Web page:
# A metric on T(G/H)

I want to know which isomorphism of vector bundles is the following?

alt text http://2.bp.blogspot.com/_uGcgLiQvkI8/TAgpIivl6oI/AAAAAAAAAKk/DCg9iK2W3rA/s1600/Capture-52.png

where $G/H$ is the quotient of group $G$ by its subgroup $H$ and $T(G/H)$ is the tangent bundle, $G\times_H \mathfrak{g}/\mathfrak{h}$ is the bundle associated to the principal bundle $G\to G/H$ via the adjointe representation on $\mathfrak{g}/\mathfrak{h}$

• Pedro -- what exactly do you want to know about this isomorphism? – algori Jun 3 '10 at 22:24
• I want to know how it works... I mean a relation that expresses this isomorphism – Pedro Jun 3 '10 at 22:27
• Why is the question titled "a metric on T(G/H)"? The isomorphism you mention has nothing to do with metrics. – José Figueroa-O'Farrill Jun 3 '10 at 23:54
• Ah yes! because with this isomorphisme I can construct a metric on T(G/H) using the metric on g/h – Pedro Jun 4 '10 at 8:25
• By this do you mean perhaps that if you have an inner product on g/h which is invariant under the adjoint action of H, then it extends to a G-invariant metric on G/H? – José Figueroa-O'Farrill Jun 4 '10 at 8:29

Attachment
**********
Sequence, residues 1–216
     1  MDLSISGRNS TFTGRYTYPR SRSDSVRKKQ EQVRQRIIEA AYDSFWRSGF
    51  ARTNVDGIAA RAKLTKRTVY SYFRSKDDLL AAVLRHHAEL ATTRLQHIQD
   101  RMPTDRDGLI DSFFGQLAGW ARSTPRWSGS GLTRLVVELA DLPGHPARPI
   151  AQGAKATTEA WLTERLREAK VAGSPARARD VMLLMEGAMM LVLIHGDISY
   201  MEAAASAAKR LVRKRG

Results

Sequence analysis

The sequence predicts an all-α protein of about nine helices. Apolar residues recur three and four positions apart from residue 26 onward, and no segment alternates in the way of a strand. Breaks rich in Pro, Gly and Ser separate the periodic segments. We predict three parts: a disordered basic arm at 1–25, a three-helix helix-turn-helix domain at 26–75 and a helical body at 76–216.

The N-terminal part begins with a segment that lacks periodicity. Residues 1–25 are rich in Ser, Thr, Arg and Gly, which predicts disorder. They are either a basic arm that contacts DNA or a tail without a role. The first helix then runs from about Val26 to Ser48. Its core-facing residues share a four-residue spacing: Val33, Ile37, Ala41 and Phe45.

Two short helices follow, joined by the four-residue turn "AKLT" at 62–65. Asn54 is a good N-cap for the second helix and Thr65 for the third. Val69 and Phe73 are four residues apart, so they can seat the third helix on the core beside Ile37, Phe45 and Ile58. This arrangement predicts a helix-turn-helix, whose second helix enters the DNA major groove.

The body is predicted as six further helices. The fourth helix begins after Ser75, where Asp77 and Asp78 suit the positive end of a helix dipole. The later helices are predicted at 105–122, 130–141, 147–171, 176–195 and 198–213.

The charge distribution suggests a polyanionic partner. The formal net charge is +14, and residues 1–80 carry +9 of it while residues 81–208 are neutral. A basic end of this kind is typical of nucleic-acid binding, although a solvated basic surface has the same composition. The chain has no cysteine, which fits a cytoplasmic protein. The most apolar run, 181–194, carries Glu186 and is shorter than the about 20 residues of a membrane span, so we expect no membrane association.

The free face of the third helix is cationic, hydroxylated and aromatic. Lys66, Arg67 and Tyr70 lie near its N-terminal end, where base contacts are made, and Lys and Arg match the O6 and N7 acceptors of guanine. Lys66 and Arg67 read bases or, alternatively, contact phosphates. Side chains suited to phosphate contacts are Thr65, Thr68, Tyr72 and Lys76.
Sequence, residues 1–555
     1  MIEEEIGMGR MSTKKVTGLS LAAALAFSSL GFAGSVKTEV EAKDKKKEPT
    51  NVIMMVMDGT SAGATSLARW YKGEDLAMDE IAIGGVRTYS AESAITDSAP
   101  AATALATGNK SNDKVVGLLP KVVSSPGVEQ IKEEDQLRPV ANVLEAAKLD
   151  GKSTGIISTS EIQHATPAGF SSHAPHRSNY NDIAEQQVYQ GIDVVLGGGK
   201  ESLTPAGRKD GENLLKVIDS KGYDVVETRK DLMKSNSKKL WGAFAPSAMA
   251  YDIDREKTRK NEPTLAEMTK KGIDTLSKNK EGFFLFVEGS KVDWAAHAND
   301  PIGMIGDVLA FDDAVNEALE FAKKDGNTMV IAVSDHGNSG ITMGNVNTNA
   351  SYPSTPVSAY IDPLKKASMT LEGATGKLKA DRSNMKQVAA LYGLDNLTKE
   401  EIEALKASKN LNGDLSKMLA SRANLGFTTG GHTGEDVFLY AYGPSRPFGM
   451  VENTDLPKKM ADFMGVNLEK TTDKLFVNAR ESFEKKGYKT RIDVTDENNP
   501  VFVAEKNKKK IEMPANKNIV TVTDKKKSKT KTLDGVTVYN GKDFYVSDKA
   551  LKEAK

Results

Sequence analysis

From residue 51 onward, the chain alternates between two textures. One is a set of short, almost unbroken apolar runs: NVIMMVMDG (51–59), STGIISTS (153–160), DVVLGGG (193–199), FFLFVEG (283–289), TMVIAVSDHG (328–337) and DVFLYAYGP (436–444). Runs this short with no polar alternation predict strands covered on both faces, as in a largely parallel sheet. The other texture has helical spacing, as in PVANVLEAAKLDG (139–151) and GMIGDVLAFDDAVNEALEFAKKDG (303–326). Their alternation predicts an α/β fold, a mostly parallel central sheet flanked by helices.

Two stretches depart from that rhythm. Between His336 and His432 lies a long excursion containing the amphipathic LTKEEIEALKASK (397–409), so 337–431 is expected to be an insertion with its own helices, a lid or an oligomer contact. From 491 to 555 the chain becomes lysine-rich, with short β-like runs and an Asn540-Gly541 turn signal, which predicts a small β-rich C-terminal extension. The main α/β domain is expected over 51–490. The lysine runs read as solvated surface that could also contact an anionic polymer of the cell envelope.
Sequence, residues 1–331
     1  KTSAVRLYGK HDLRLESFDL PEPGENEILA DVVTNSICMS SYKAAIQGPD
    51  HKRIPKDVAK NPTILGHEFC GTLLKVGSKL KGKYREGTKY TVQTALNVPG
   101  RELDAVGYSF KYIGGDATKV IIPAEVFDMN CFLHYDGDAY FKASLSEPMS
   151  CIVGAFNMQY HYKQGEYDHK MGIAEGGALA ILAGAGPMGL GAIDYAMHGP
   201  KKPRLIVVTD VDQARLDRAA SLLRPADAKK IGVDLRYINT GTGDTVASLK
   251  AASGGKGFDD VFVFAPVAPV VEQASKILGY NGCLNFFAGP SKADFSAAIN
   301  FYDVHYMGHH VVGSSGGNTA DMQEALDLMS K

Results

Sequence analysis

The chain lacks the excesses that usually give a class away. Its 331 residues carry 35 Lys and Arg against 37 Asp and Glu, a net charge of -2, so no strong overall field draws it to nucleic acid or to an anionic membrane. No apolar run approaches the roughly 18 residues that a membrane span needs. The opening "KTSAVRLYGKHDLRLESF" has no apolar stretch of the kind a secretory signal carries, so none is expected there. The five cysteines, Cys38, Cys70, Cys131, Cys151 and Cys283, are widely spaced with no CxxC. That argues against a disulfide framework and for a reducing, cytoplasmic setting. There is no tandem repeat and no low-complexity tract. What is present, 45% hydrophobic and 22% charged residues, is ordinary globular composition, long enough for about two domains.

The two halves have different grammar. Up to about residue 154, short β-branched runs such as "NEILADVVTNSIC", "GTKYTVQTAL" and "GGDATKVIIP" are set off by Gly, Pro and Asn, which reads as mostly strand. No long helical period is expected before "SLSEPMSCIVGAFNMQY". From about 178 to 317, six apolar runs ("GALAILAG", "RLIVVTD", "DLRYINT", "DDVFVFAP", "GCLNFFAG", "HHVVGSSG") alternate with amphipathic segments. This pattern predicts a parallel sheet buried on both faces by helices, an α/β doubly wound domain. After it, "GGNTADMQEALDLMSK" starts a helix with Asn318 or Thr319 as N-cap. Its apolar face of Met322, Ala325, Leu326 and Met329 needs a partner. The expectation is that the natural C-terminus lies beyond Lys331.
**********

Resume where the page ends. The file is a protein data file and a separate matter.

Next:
There is an obvious map $G\times\mathfrak g\to G\times_H\mathfrak g/\mathfrak h$, and an isomorphism $TG\to G\times\mathfrak g$. On the other hand, the projection $G\to G/H$ gives a map $TG\to T(G/H)$. Now you can construct a map $T(G/H)\to G\times_H\mathfrak g/\mathfrak h$ as the composition $$T(G/H)\leftarrow TG\to G\times\mathfrak g\to G\times_H\mathfrak g/\mathfrak h.$$ Here the backwards arrow means "pick any preimage".
• Nice! Now I want to know if this is true $G\times_H\mathfrak g/\mathfrak h \sim G/H \times (\mathfrak g/\mathfrak h)/Ad(H)$ – Pedro Jun 4 '10 at 11:57
• That cannot be true for a number of reasons, the most basic perhaps is the following. The left-hand side is a homogeneous vector bundle over $G/H$, whereas the right-hand side (assuming you mean what I understand by your notation) is not even a manifold in general, since the orbit structure of the vector space $\mathfrak{g}/\mathfrak{h}$ under the adjoint action of $H$ can be quite complicated. – José Figueroa-O'Farrill Jun 5 '10 at 19:02